Manstock 2020

Anyone up to date on this blog will know that I belong to a regular men’s group. We usually meet up once every other week in north London, but since the lockdown started we’ve been meeting up on Zoom on a varying schedule. The group is actually one of three run by the same therapist, Jerry Hyde, and once a year all three groups gather for what is lovingly called “Manstock”.

This year was to be my first chance to attend a Manstock, so I was delighted when it was decided to go ahead with it in spite of the ongoing Covid-19 pandemic and the associated need for social distancing and general health & safety precautions. One of the group members, who lives on a farm in East Sussex and has hosted the event every summer, kindly agreed that we could all pitch our separate tents in an adjacent field and gather for meals and sessions around the firepit as usual.

The weather last weekend was very changeable and required that we erect a mini marquee constructed from tarpaulins and poles from the giant teepee that had previously housed the gatherings (but has since succumbed, like many of us, to the wear and tear of old age). Engineering project complete and fire lit, we 20 men gathered to tell our stories, bare our souls, shed some tears, and share lots of laughter.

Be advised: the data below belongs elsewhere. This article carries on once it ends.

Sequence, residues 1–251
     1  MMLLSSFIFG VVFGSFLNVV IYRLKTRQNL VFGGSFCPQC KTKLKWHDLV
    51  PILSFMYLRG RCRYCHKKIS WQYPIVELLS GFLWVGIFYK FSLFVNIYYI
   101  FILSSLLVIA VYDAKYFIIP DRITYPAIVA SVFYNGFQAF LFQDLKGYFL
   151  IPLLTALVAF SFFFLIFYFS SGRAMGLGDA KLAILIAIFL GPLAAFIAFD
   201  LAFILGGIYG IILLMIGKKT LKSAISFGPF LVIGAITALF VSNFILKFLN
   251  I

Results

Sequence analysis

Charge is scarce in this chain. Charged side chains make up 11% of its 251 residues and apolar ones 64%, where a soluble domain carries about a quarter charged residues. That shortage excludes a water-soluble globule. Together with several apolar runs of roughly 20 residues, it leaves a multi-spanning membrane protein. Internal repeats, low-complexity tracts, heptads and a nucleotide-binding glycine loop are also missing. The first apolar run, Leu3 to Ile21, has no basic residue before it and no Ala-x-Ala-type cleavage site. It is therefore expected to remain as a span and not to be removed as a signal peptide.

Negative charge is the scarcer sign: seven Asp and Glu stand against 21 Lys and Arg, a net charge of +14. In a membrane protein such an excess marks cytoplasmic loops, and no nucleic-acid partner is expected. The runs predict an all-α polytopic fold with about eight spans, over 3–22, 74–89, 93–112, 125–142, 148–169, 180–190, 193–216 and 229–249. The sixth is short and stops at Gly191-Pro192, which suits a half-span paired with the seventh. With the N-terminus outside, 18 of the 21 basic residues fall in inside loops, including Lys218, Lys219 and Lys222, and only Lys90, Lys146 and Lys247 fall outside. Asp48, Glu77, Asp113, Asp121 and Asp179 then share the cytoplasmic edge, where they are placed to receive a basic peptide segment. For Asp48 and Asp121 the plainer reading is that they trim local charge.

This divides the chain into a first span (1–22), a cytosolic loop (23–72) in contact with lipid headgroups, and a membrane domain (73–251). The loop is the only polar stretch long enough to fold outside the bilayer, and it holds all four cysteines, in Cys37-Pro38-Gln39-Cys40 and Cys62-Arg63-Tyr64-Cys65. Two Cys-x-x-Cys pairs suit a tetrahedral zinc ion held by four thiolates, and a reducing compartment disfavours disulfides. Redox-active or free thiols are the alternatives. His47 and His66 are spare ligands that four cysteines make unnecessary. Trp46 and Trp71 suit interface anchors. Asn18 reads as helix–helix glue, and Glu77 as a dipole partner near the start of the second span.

The loosely applied theme this year was to be the lockdown and how we had all navigated these strange few months of isolation and uncertainty. This year’s event was even jokingly renamed to Lockstock!

A newly crafted talking stick was passed from one man to the next, ensuring that everyone had a chance to speak and to share. As it evolved, various themes and topics emerged organically, ranging from the communal to the deeply personal and painful. There is something about the setting, the trust and safety engendered by the ceremonial nature of the gathering, that quickly brings emotion to the surface and allows healing to begin.

The gathering over three days was at times intense, provocative, and challenging but always honest, inclusive and supportive. While the last few months have been a generally healthy time for me and I didn’t feel a strong need to do any personal “work” myself, it was an experience I will never forget – the friendship, brotherhood and love that was shared will stay with me in years to come.

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